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What Types of Pipes Should You Use for Your Air Compressor System?

What Types of Pipes Should You Use for Your Air Compressor System?

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An essential first question when planning a new compressed air system is, “What type of pipe should I use for my air compressor?”

There are two primary options: plastic and metal. Below, we will discuss in detail the advantages and disadvantages of each of them and address some of the myths that surround each of them.

1. Plastic Pipes


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Plastic pipes offer many benefits over metal, which include:

• Resistance to corrosion: This means you don’t have to worry about rust falling off your pipes and dropping into your airflow. This, in turn, reduces the risk of obstructions.

• Smooth, interior surface: The interior of a plastic pipe never deteriorates, which encourages laminar flow.

• Lightweight: Plastic piping is lightweight, making it simple to transport and fit.

• Easy to cut: Cutting plastic pipes is easy and only requires basic tools.

• Easy to connect: Plastic pipes can be glued together, which is less costly and quicker than connecting metal pipes, which must be welded together.

However, you can’t use just any plastic pipes for compressed air distribution. The most common types of plastic piping available today are polyvinyl chloride (PVC) and chlorinated polyvinyl chloride (CPVC). These are widely used for plumbing applications, and you may be tempted to use them as they are easy to install, affordable, and readily available. However, they cannot withstand the high pressure necessary for a compressed air system.

As is the case with many plastics, PVC becomes brittle with time and is prone to cracking, breaking, or even shattering. Furthermore, many air compressors also require lubricating oil that can aspirate out into the air stream, and this oil is corrosive to PVC and CPVC pipes and causes them to degrade.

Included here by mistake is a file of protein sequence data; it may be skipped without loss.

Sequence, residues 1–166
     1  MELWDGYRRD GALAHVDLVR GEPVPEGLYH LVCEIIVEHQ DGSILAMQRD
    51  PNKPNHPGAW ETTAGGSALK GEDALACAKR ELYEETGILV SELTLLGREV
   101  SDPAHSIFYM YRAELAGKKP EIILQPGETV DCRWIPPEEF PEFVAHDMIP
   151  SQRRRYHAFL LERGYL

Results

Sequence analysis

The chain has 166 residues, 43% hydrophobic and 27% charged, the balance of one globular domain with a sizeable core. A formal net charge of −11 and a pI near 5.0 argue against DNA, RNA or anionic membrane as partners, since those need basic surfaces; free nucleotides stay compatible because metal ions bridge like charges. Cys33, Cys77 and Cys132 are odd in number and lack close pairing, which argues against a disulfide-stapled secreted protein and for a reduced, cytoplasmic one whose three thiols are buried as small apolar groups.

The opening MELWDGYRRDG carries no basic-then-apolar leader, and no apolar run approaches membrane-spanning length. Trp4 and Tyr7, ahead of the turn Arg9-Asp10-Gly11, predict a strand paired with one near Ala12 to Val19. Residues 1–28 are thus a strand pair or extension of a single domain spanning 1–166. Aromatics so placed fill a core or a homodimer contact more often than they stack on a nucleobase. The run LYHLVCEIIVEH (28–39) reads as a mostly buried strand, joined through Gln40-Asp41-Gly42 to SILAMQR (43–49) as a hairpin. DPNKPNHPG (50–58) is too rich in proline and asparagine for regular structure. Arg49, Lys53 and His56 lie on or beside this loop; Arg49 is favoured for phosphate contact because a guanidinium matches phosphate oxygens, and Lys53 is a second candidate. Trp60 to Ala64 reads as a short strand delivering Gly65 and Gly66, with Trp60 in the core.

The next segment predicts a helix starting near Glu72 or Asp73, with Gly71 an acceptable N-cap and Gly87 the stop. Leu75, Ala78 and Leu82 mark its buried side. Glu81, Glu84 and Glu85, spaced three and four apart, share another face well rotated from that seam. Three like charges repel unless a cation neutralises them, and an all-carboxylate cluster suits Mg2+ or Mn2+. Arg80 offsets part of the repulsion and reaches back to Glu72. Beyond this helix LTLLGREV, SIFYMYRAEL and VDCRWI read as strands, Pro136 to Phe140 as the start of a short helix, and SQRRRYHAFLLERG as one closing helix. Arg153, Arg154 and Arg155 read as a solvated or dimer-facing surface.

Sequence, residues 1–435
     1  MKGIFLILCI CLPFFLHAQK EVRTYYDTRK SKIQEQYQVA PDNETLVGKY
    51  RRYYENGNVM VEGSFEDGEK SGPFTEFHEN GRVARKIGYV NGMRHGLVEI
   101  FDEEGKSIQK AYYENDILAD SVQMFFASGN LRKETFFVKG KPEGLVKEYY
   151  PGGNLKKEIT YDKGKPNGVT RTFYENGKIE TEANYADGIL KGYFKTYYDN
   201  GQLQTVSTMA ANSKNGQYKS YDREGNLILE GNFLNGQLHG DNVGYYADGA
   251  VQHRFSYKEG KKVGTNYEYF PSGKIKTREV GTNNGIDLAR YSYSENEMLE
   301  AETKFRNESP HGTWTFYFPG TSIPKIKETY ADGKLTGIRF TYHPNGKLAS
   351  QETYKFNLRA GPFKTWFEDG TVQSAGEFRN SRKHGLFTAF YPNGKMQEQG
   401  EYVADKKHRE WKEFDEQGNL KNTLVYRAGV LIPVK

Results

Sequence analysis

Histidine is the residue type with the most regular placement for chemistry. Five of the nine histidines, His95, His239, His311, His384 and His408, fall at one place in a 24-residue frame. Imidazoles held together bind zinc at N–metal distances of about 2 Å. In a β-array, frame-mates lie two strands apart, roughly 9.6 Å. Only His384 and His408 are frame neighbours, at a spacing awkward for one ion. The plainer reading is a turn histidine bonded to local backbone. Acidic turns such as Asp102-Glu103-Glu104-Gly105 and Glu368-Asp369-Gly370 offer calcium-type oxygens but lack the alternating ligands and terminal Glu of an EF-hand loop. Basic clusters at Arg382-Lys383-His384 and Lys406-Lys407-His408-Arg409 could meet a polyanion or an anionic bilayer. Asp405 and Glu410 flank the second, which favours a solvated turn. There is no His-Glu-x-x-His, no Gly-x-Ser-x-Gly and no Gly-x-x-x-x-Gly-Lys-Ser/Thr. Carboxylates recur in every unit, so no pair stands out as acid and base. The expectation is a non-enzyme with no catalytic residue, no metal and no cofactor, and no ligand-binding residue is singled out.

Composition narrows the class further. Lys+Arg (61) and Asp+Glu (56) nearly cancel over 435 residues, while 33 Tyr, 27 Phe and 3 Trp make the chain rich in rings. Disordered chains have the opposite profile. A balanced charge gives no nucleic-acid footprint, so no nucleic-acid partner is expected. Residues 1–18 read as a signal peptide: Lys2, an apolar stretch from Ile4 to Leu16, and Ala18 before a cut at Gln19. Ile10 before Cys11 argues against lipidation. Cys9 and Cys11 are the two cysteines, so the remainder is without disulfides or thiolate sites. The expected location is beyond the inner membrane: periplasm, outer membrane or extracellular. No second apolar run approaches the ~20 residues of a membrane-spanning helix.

Even worse, the above failures, combined with air under pressure, could create airborne, razor-sharp shrapnel that could be fatal to anyone standing nearby. For all the above reasons, the Occupational Safety and Health Administration (OSHA) has banned the use of PVC for air compressor piping systems, meaning that you could face a steep fine.

The following three plastic materials, however, are all suitable choices for piping compressed air:

• Acrylonitrile butadiene styrene (ABS): You can find ABS in a variety of products, from car fenders to LEGO®-brand toy bricks.

• Polyethylene (PE): This kind of piping is produced specifically for compressed air systems.

• High-density polyethylene (HDPE): This is yet another suitable plastic for compressed air pipes.

OSHA has approved PE, HDPE, and ABS for compressed air channels. Unlike PVC, they are all oil-resistant, so compressor lubricants cannot degrade them.

Some people believe that plastic piping for pressurized air isn’t a good idea because the cement used in connectors is not strong enough and will fail, causing bursts and leaks. However, plastic piping manufactured specifically for compressed air systems comes with special cements. These cements are OSHA-tested and –approved and will hold as well and as long as welding on metal pipes.

2. Metal Pipes


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Metal pipes have been around for much longer than their plastic equivalents, and traditionalists prefer them when it comes to piping compressed air distribution systems. Just the look and feel of a metal pipe is more substantial and seems to have greater strength than plastic. However advanced plastic piping becomes, some people will always feel safer with metal piping rather than plastic. There are also many benefits of metal pipes when used for air compressor piping systems. These include:

• More well-known: Metal is more traditional, which means more technicians know how to install the pipes.

• Longer safety track record: Having been in service longer, metal piping has proven its strength against fracture, splits, and blowouts.

• They’re guaranteed not to change shape: While certain plastic materials offer great strength, metal’s inherent rigidity guarantees it won’t warp.

• Impervious to degradation: Compressor lubricants will not degrade metal pipes.

Of course, there are many kinds of metal materials that you can use, and each offers certain pros and cons when used to pipe air compressor systems. Let’s save that for next week’s article topic, shall we? Stay tuned!

Schedule a Consultation with All Air Compressors

If you are still confused or have no idea what pipes you should use, calling a professional could be your answer. All Air Compressors will help you and take you through the whole process of planning and install a new compressed air piping system.

All Air Compressors is your trusted technicians who specialize in compressed air servicing and repair, air piping installation, and line filter installation.

Contact us to schedule a consultation and find out about the latest technology emerging in piping systems.

Source: quincycompressor